Over several months, Jean’s teams devised and designed a new “agile” production line capable of adapting to accommodate all types of requests. “We wanted to be able to switch quickly from a 300-unit run for an exclusive collection to a larger 3,000-unit run”, he says. With this in mind, cutting-edge technology was introduced to simplify work as much as possible. The plant now boasts smart sensors, connected magnetic conveyers, touch tablets and even “cobots”, a new generation of collaborative robots that help operating staff and technicians throughout the manufacturing process. “These innovations play a critical role by improving the circulation of information, relieving workers of manual tasks and saving valuable time”, says Jean. To illustrate his point, he cites the example of the touch tablets that have been added to the plant’s workstations: “The tablets supply workers with instructions on the current production run as well as required changes when switching to a new run. By clicking or swiping the tablets, workers can tell the cobots to fetch flasks and equipment, which can be filled, labelled and brought to the workstations, leaving personnel free to focus on controlling quality and improving their know-how. With our agile production line, we can switch runs in under 20 minutes!”

A new employee experience

Transformation on the production side has been accompanied by a full-scale cultural change at the Lassigny plant. “About 450 people work here. We wanted to make them players of the digital transformation, providing tailored training packages to enable them to combine the right tech solutions with their manufacturing expertise”, says Jean.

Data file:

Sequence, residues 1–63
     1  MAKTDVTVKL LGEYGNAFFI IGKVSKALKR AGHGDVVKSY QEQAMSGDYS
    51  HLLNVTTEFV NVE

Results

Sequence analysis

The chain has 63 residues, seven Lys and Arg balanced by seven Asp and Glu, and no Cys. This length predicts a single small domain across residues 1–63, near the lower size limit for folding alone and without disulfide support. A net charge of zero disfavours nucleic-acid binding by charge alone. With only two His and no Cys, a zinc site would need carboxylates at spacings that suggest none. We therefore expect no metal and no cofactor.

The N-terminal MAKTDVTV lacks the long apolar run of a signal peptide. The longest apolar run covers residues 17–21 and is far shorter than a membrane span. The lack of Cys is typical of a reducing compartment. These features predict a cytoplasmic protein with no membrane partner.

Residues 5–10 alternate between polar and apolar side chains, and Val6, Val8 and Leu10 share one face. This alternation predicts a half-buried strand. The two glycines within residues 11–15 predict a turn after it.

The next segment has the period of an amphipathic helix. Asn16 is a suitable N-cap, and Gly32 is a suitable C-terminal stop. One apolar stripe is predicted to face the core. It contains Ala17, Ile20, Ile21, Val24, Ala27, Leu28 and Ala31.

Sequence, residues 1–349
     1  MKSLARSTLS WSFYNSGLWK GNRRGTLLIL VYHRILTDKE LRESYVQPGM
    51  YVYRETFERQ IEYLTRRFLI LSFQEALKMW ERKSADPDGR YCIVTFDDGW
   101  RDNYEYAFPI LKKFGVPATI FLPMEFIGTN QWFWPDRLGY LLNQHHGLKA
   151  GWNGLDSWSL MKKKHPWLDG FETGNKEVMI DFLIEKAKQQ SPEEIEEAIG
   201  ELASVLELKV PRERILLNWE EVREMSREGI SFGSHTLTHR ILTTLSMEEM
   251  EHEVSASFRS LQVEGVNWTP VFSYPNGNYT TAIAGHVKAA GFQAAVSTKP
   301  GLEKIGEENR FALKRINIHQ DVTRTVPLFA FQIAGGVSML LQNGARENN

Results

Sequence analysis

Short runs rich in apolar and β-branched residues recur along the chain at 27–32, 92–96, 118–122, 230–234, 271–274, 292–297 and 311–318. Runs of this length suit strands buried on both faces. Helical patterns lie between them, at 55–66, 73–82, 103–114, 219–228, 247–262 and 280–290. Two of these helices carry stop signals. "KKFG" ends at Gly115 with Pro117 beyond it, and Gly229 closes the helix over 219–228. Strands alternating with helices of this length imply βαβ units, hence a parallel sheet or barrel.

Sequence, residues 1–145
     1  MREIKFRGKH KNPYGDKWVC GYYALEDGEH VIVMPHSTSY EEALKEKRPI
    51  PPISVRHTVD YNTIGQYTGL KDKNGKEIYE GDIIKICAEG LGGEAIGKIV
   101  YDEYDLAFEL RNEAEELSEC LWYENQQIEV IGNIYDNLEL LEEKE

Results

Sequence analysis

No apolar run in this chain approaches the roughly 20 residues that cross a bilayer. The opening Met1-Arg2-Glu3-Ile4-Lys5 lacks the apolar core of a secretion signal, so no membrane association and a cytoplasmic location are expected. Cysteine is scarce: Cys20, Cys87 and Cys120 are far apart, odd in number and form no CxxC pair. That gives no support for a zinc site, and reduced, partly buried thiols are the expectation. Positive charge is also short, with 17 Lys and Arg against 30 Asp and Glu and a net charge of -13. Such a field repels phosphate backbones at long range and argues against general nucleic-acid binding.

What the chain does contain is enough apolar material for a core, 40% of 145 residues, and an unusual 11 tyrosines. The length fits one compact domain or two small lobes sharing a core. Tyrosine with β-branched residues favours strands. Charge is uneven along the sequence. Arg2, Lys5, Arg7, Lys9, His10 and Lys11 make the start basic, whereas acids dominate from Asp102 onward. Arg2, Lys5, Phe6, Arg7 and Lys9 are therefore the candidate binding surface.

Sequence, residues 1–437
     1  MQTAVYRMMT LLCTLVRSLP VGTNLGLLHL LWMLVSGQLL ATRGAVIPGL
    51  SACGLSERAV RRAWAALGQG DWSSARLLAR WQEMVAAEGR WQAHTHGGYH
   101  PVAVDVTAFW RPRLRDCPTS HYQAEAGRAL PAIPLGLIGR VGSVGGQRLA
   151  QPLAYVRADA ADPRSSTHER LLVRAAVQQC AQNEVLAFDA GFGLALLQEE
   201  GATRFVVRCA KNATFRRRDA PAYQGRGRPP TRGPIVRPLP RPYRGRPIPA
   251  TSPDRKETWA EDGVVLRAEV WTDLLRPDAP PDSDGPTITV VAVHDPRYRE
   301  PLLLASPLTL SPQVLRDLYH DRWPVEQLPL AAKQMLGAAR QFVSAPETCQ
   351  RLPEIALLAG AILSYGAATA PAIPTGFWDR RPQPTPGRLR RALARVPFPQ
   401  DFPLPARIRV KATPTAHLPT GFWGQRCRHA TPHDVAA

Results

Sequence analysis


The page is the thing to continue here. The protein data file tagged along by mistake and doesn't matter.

For around a year, operating staff and technicians were actively involved in designing the new production system. “We didn’t want to impose change without consultation. From the get-go, we brought together all the teams and asked for their input on what would help to save time and what improvements were needed. To make sure that staff had a good handle on every aspect of the transformation, we organised regular workshops, holding 20 or so gatherings in the space of ten months”, Jean tells us. Support and training also got top billing. “We put together a system featuring videos, tutorials and learning examples. We tried to ensure that everything was easy to assimilate and directly accessible on the tablets to help people upskill quickly”, explains Jean. “A ten-minute training course is all that is needed to teach any member of staff how to configure and program our cobots!”

More than a tech transformation - a human adventure

Lassigny is a source of pride for the L’Oréal group internationally. The fragrances and makeup products manufactured by the facility for the Yves Saint-Laurent, Lancôme, Armani and Viktor & Rolf brands are exported worldwide. “The plant’s success reflects its impeccable blend of craftsmanship and industrial excellence”, says Jean.

It is also a source of personal pride for Jean himself, who offers these concluding words: “Beyond the technological innovation, Lassigny has also been a very human adventure and a collective success story. Seeing so many employees from different backgrounds bringing their energy to bear and taking on this transformation has been massively rewarding. It gives us great motivation to continue working together to build the factory of the future”.

*waterfree (lipstick, gloss, polish, powder)

Source : The Monthly Digest

Personnes-clés

Jean Lardé

VP Technical Director at L'Oréal

We need to be able to manufacture for different types of consumers all over the world.
_ Jean Lardé, VP Technical Director